My favorite - how they criticize Apple Music's onboarding process: https://www.useronboard.com/how-applemusic-onboards-new-user...


That is rad, rad, rad to hear. It totally made my day.


Apple Music - yeah, and they/he/she didn't even't get to actually start using that weird app.


Netflix is an example of a trend that I hate, where it is hard to find the sign in button. One other offender that comes to mind is Crashplan, I actually had to google "Crashplan login" to find the page. Lastpass does this too where you actually have to cancel toward the end of the installation to proceed because the installer assumes you are a new user.

Maybe not directly related but when you go to download Chrome from chrome.com it forces you to watch an animation first, very unnecessary and frustrating.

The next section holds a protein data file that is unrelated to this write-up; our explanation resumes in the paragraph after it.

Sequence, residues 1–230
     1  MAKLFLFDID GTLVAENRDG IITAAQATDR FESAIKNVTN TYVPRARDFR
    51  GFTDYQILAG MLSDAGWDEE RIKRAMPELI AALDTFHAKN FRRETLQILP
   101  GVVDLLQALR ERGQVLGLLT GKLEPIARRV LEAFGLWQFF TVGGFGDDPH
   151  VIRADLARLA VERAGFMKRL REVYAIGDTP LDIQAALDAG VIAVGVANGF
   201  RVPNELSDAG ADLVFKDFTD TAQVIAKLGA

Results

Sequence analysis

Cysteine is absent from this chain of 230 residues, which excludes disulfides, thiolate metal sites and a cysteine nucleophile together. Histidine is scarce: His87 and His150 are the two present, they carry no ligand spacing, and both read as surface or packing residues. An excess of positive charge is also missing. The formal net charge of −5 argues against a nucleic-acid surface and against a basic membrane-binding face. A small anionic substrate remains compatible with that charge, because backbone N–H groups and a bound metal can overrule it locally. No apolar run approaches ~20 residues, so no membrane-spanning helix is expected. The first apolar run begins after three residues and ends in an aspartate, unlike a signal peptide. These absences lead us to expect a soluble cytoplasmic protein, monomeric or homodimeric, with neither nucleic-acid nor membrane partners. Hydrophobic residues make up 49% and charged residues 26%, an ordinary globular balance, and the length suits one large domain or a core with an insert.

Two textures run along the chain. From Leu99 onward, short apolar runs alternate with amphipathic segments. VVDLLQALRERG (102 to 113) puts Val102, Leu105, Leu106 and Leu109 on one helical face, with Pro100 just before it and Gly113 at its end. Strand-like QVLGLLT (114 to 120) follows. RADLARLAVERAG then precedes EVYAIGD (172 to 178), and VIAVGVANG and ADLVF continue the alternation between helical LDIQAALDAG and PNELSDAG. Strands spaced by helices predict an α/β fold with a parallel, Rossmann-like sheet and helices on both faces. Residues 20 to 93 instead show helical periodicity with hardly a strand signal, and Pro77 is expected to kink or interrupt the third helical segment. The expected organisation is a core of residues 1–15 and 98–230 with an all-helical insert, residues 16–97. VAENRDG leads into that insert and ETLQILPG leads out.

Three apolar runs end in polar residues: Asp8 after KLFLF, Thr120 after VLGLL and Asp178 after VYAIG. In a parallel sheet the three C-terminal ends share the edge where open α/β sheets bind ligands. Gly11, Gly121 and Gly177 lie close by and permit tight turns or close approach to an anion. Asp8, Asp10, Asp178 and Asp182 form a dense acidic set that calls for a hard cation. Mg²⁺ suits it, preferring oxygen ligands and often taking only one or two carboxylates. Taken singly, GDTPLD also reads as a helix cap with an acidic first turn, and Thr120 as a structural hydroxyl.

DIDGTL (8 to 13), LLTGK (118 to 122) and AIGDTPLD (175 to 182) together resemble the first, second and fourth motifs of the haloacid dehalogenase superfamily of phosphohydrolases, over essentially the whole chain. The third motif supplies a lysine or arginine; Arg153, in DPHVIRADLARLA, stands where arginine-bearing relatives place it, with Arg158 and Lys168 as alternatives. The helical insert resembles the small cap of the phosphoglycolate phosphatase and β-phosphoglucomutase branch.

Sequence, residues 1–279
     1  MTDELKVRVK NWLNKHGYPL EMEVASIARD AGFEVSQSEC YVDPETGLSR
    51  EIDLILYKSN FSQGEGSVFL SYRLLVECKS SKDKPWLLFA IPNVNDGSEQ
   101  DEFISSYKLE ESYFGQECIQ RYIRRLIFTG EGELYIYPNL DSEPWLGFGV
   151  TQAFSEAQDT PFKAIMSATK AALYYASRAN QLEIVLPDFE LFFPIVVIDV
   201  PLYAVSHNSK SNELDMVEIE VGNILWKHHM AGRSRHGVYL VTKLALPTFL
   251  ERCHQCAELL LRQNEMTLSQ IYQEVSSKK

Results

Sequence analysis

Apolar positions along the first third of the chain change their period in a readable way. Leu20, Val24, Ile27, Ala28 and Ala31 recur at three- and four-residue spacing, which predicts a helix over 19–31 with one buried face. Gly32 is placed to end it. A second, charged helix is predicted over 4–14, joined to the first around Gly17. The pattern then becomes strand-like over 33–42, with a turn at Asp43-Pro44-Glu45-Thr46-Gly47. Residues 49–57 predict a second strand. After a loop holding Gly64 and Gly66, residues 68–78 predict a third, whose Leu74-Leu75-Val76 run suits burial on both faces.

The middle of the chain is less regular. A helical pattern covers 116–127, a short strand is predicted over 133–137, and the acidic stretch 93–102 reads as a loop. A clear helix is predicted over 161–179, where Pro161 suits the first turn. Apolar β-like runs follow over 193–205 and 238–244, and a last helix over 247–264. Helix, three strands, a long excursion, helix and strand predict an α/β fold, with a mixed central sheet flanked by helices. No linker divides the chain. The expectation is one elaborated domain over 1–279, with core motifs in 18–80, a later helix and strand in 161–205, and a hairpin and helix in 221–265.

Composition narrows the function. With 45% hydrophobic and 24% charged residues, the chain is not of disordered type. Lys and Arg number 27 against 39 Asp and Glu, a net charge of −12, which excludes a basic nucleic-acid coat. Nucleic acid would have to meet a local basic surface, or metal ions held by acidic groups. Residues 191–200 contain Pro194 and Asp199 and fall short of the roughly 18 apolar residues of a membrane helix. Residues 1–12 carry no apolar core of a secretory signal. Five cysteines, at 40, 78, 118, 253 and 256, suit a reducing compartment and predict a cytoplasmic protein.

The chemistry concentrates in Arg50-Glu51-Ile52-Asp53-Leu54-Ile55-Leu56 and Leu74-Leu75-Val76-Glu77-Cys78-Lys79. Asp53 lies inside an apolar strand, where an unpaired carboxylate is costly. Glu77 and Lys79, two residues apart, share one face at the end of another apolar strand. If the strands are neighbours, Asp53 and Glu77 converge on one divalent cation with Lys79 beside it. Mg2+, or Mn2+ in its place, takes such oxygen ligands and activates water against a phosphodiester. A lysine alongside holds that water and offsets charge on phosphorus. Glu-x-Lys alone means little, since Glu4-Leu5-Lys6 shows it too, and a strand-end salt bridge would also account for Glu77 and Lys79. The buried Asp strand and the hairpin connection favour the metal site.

Onboarding should take existing users into consideration and let them easily log right in.


Agreed!


This is easily one of my favorite sites.

Every startup should check out (and learn from) these onboarding teardowns — they're awesome.


High five, Hannah!


Love this site. It's amazing how many steps users have to go through to start using even simple apps. (It actually made me feel better about my app-- not that the on boarding is perfect, just nice to realize that I'm not alone.)

Sam-- any thoughts on how many screens someone should have to go through, or tips for reducing that number?

Or, if perhaps sometimes it's better to do something in multiple screens that many of us developer types would group onto one screen (Slack comes to mind here)?

Thanks for your contributions to making software easier to use.